Bok Choy (Brassica chinensis L.) belongs to a genus in the mustard family called the brassicas. Members of brassica include kale, cabbage, broccoli, cauliflower, and many other similar important food crops.

Bok choy also contains vitamin C, vitamin E, and beta-carotene. These nutrientshave powerful antioxidant properties that help protect cells against damage by free radicals. Nutritionally, bok choy is loaded with cancer-fighting properties as well as a multitude of other health benefits, some of which are still being discovered.  Bok choy contains folate. Folate plays a role in the production and repair of DNA, so it may prevent cancer cells from forming due to mutations in the DNA.

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Bok Choy Fun Facts

The name “bok choy” originated from the Chinese word for “soup spoon” because of the shape of its leaves.

Bok choy ranks sixth on the Aggregate Nutrient Density Index (ANDI) for fruits and vegetables.

Dr. Fuhrman's Aggregate Nutrient Density Index (ANDI)

What Vitamin A does for your body…
Vitamin A is important for normal vision, the immune system, and reproduction. Vitamin A also helps the heart, lungs, kidneys, and other organs work properly. In fact, a single cup of bok choy contains the entire RDA of beta carotene, which has been shownto prevent night blindness and possibly reduce the risk of cataract and macular degeneration (source). It is always best to get your vitamin and minerals from a natural food source primarily and important to understand proper levels of Vitamin A intake — please refer to the source listed in the following link to learn more: Department of Health and Human Services.

What Vitamin C does for your body… Vitamin C is required for the biosynthesis of collagen, L-carnitine, and certain neurotransmitters; vitamin C is also involved in protein metabolism [1,2]. Collagen is an essential component of connective tissue, which plays a vital role in wound healing. Vitamin C is also an important physiological antioxidant [3] and has been shown to regenerate other antioxidants within the body, including alpha-tocopherol (vitamin E). It is always best to get your vitamin and minerals from a natural source primarily and important to understand proper levels of Vitamin A intake — please refer to the source listed in the following link to learn more: Department of Health and Human Services.

What Calcium does for your body… Calcium is required for vascular contraction and vasodilation, muscle function, nerve transmission, intracellular signaling and hormonal secretion, though less than 1% of total body calcium is needed to support these critical metabolic functions — the body uses bone tissue as a reservoir for, and source of calcium, to maintain constant concentrations of calcium in blood, muscle, and intercellular fluids. It is always best to get your vitamin and minerals from a natural food source primarily and important to understand proper levels of Vitamin A intake — please refer to the source listed in the following link to learn more: Department of Health and Human Services.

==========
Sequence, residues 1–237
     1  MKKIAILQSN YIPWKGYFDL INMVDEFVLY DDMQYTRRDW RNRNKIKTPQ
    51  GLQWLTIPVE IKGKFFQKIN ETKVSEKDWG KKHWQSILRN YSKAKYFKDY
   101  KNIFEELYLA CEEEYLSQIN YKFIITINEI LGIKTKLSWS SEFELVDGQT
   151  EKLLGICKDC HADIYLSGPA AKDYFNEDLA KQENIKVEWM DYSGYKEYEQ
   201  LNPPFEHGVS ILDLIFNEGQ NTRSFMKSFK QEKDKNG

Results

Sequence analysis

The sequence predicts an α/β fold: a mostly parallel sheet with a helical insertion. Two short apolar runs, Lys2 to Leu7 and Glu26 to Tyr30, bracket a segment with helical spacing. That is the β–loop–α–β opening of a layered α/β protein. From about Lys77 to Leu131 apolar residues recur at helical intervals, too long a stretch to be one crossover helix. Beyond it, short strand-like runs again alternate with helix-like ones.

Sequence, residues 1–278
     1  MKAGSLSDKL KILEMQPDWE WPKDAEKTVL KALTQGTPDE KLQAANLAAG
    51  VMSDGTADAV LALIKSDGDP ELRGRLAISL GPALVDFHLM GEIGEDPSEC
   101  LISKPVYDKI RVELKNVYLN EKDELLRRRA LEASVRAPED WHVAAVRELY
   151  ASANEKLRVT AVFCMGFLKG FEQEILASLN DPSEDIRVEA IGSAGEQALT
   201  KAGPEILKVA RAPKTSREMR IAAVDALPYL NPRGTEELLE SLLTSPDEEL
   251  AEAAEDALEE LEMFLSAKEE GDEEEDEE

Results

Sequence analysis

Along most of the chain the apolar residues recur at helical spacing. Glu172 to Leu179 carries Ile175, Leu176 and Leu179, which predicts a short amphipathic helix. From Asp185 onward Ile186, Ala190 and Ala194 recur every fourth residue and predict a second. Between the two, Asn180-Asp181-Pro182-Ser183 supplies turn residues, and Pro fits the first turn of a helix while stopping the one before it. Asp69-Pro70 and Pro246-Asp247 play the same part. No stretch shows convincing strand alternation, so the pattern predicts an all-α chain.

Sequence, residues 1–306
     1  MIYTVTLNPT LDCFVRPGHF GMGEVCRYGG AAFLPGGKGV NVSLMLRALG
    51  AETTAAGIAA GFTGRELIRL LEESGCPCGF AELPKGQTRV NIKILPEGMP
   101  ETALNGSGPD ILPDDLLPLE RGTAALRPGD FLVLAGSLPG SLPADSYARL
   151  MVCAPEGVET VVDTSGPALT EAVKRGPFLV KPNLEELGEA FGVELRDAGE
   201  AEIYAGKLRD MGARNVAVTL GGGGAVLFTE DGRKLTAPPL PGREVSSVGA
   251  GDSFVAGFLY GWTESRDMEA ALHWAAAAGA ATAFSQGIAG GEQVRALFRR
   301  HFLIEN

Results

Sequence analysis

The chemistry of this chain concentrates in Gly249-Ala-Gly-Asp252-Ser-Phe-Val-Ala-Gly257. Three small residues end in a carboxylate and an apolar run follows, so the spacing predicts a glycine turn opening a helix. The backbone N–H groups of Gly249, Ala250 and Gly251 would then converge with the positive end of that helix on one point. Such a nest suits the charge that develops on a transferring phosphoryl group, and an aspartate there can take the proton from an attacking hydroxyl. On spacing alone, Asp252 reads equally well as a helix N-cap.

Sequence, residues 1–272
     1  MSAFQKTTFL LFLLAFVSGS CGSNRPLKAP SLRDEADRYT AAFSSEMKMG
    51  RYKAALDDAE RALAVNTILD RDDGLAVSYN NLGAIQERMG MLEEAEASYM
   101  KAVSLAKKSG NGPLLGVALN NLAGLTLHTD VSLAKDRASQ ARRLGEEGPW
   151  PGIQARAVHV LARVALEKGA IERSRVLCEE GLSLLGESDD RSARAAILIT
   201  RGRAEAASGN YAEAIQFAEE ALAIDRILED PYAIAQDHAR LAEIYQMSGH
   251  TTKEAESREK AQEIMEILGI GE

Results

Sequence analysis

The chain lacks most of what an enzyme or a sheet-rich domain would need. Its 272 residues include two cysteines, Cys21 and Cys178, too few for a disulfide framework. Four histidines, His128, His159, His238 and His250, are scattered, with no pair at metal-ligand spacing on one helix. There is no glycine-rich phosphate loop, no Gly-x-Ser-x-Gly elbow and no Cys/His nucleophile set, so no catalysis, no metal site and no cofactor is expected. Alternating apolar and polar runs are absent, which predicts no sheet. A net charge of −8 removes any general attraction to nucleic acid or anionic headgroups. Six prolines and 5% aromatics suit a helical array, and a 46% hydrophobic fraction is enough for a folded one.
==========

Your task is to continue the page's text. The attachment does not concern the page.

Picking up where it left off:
What Iron does for your body… Iron is an essential component of hemoglobin, an erythrocyte protein that transfers oxygen from the lungs to the tissues [1]. As a component of myoglobin, a protein that provides oxygen to muscles, iron supports metabolism [2]. Iron is also necessary for growth, development, normal cellular functioning, and synthesis of some hormones and connective tissue [2,3]. It is always best to get your vitamin and minerals from a natural food source primarily and important to understand proper levels of Vitamin A intake — please refer to the source listed in the following link to learn more: Department of Health and Human Services.

While green vegetables such as bok choy provide your body with many essential vitamins and nutrients, even healthy foods should be eaten in moderation. Too much raw bok choy can have a serious and potentially life-threatening effect on your thyroid gland, and medical professionals advise against overindulging in the raw version of this tasty vegetable. (source)

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How to Grow Bok Choy in a Hydroponic System like a Tower Garden:

You can purchase Bok Choy seeds (50 pack) here.
Bok Choy Seeds Now Preview